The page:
“Last year our fundraiser was ‘A Taste of Kalo,’” said Andrea Dean, who is part of the movement to “Eat Locally Grown” and foodhubkohala.org. “This year we did a cook-off with the intention of raising awareness of food sustainability.”

People walked around with plates of delicious food, cooked up by seven teams; Bromeliads Hawaii LLC, Sustainable Kohala, Hawaiian Airlines, University of Hawaii Hilo, Kaiser Permanente, Kahua Pa‘a Mua and Honsador Lumber.

Competing in an “Iron Chef” style cooking competition, the teams were given five pounds of pork, a quart of vegetable oil, and salt and pepper. Members from the North Kohala farming community donated everything from bananas and kabocha pumpkins, to tomatoes and eggplant.

“This is the least amount of money I’ve paid, for the best food yet,” said one of the attendees, who had just purchased a ticket. The tickets were priced at $10 in advance, and $12 at the door, with wristbands given out to visitors who could taste the final results created by each team.

Sustainable Kohala had a team of four people cooking donated ingredients, and succeeded in making four different dishes; sweet sour pork with liliko‘i and mango chutney, cassava (tapioca) fritters atop sauteed eggplant, beet and pumpkin tapenade, and taro with sweet potato, cucumber, mountain apple sauce.

“Everything was locally grown,” said Donna Maltz of the Sustainable Kohala “Iron Chef” team. “We served up peace and love.”

Others on the Sustainable Kohala team included Natalie Young, Deborah Winters and Richard Liebmann.

As the lines grew shorter for the food tastings, LAVA 105.3 emcee Eddie O, made comments about the event and introduced various hosts of the Farm to Wok event.

“We’re an intergenerational family, here to enjoy,” said Kevin Kremeyer, one of the attendees. “I have my vote in and I think it will be Sustainable Kohala.”

His niece Gigi Kremeyer voted for the pulled pork sandwich created by Kaiser Permanente, and his mother Inge Dickerson said “the mango sauce made by the green ladies (Sustainable Kohala) was unbelievable!”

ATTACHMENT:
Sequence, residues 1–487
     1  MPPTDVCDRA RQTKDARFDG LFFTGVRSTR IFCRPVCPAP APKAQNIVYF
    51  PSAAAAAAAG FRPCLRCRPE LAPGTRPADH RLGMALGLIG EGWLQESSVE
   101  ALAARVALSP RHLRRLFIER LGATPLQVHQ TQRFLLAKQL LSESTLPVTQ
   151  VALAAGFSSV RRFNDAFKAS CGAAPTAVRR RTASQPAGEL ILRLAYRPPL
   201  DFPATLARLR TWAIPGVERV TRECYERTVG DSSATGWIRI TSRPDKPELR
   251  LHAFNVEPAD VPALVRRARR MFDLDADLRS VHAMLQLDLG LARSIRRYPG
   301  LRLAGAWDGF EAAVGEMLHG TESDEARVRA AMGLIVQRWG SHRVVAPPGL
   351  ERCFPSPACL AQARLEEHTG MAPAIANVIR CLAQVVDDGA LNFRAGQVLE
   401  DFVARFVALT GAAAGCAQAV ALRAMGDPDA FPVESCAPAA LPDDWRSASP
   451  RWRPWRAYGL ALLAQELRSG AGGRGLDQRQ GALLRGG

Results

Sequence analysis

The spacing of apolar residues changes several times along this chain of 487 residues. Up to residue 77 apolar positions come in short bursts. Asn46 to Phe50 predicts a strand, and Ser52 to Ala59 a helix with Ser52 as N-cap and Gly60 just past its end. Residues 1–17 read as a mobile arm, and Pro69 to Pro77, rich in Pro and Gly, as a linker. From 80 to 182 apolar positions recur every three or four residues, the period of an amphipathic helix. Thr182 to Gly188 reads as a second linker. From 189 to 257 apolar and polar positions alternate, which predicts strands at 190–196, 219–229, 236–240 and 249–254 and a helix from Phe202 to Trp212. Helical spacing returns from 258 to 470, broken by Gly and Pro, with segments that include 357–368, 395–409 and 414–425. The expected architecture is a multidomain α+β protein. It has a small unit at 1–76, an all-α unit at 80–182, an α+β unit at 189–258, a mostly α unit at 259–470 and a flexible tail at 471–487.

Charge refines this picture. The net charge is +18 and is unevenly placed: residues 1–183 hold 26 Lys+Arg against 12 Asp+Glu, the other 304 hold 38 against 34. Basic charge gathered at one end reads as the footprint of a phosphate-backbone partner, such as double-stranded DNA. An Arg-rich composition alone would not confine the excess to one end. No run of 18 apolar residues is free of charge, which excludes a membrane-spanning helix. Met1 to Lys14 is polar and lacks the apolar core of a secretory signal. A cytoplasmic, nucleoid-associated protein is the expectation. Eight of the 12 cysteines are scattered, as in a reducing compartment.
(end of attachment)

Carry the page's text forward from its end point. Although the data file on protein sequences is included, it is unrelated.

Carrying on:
Attendees who purchased tickets were able to vote on the tasty dishes. third place by the people’s vote was presented to Kahua Pa‘a Mua. second place given to Bromeliads Hawaii, and 1st place “Best of Wok,” was awarded to the Sustainable Kohala team.

“Mahalo to all the different chefs and teams who came out today!” announced David Fuertes, a member of Palili ‘O Kohala. “Everyone was trying to help each other, trading onions or eggs. If you didn’t win first place, you are still a winner.”

Debbie Choo, a family member of Palili ‘O Kohala said the event was a success. “We are on five acres now, but hope to grow to 20 acres. We want to educate people on all the different ways to eat the kalo plant, but also to learn and teach natural farming.”

Fuertes said the taro is healthy, chemical-free food using a Korean natural farming method, called Han Kyo Cho. He added that a piggery has been added at the taro farm, a natural way to raise pigs without using antibiotics, and no flies or smells are present.

The North Kohala’s local food system strategic plan was unveiled by foodhubkohala.org, saying they hope to see North Kohala grow 50 percent of its food by 2018. For more information, visit foodhubkohala.org or paliliokohala.wordpress.com.